About Patheos, source of attacks on Hilary's integrity.* When you are paid for every click on your blog post, it must be very tempting to write controversial pieces or to sound off against well-known Catholic writers to get the hits. It might even feel good to defend the pontiff at the same time, if that is what one is doing by objecting that someone else has dared to report that the pontiff raised eyebrows by kissing the hands of an infamous dissenter from the Catholic Faith, accepting his dissenting book, wooden chalice and paten (chalice and paten being in violation of church norms concerning the Blessed Sacrament) and concelebrating Mass with him. However, there is something more important here at stake than the idea that Pope Francis is practically perfect in every way--the truth.

My faith as a Catholic has never depended on any pontiff, and I was born before the death of Paul VI. Growing up, no pope loomed largely in my life, though I remember the funeral of Paul VI or John Paul I (whoever it was who died in the summer, 'cause I saw the funeral over the TV in my American granny's house) and was troubled when John Paul II was shot. John Paul II came to visit my city in 1985, and I was shocked by how very badly he spoke English--how bizarrely he pronounced it. It never occurred to me that a pope could speak English so badly. (Duh. He improved over the years, though.) However, this didn't trouble my faith in Our Lord Jesus Christ and in His Church a whit. And although I was shocked and appalled when Benedict XVI, of whose writings I am rather fond, abdicated, I just reverted back to what I learned at my mother's knee: Jesus Christ is the Alpha and the Omega and by comparison the pope does not much matter.

The Roman Catholic faith in its entirety, passed from one generation to the next, matters. Telling the truth matters. And so does friendship. Hilary is a very clever woman, an excellent writer and an honest reporter who does not, in her private life, suffer fools gladly. And thus my husband and I are proud to be numbered among her friends, and look forward to her exoneration by Life Site News.

*The pay-for-click policy means, of course, that every time someone clicks on Patheos, either to defend or support the attack on Hilary's integrity, the bloggers who called it into question turn a profit. So naturally I do not click, and I humbly ask you not to, either. Update: It turns out Jam (see combox) was quite right. The Patheos bloggers' attacks on Hilary began on Facebook, so the "shooting the messenger" had absolutely most likely nothing to do with any temptation to create profitable controversy. I apologize for the suggestion.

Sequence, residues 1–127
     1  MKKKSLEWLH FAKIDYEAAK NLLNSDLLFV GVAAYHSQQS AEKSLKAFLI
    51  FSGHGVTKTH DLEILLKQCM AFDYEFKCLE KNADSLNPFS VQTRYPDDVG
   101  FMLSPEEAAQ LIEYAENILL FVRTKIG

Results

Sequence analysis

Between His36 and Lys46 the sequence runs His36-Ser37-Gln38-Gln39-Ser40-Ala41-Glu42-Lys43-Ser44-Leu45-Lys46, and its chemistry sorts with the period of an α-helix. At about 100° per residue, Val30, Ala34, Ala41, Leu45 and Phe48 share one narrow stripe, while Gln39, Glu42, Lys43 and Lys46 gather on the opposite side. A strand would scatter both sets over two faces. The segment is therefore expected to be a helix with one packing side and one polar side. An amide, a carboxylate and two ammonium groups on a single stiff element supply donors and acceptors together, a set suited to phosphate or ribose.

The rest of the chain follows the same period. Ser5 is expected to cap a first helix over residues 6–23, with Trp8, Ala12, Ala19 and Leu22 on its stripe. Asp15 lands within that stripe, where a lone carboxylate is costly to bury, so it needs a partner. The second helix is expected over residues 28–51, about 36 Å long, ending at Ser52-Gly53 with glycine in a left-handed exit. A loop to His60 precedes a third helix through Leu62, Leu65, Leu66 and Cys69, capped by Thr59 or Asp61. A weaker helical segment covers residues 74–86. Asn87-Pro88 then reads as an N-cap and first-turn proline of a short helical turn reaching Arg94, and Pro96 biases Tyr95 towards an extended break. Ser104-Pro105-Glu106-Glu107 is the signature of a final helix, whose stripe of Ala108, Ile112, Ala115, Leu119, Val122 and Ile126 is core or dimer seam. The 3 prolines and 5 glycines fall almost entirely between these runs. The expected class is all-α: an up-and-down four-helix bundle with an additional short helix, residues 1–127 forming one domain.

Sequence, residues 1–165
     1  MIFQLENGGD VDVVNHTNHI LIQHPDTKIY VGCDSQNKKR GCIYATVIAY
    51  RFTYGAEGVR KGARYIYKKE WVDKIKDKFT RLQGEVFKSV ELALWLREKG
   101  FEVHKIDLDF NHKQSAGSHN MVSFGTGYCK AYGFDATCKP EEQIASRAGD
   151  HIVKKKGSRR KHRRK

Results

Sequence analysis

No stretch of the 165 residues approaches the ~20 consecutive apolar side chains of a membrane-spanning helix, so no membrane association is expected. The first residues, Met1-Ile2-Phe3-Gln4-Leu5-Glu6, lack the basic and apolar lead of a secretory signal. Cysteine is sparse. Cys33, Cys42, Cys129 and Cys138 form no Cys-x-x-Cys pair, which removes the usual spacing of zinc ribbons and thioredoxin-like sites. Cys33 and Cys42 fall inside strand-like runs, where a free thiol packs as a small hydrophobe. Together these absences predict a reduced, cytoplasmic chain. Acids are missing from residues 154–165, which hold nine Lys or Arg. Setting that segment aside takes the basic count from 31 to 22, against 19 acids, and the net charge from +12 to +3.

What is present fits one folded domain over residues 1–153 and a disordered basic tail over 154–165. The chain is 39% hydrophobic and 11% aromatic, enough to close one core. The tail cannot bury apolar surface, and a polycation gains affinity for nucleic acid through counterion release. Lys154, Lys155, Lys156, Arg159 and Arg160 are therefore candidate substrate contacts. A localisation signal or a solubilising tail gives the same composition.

Update 2: Sigh. My most recent qualification is because I just discovered that one of the instigators did indeed post about it on Patheos. And was very rude indeed.

Update 3: LifeSite defends Hilary. About darned time, too.


Jam said...

I've read a number of bloggers before and after their move to Patheos and haven't noticed any increase in inflammatory language, provocative post topics, or controversy-baiting among any of them. The only change I've seen is that most of the post is behind a cut to make you click for more. So FWIW, where I sit, it's a bit unfounded to say that being paid per click drives what anyone over there writes. Possibly not on the level of accusing someone of slanting their reporting based on hating the pope, but still: unfounded.

Kemen said...

Hi Auntie Seraphic,
A very intriguing post. I'm particularly struck by the wisdom in your words: "And I think this is going to be because of a tendency my mother taught me as a child, and that is the growing tendency to mistake the currently reigning pontiff for the Catholic Faith." To me, this seems to perfectly encapsulate the response of both mainstream media and the general, non-Catholic public to the recent actions of Pope Francis. The feeling seems to be, "Oh, good, he's going to fix that bad Church and get rid of all those silly rules now." It troubles me to no end -- not least because it's incorrect and because I fear that something along those lines actually could happen (I sure hope it doesn't).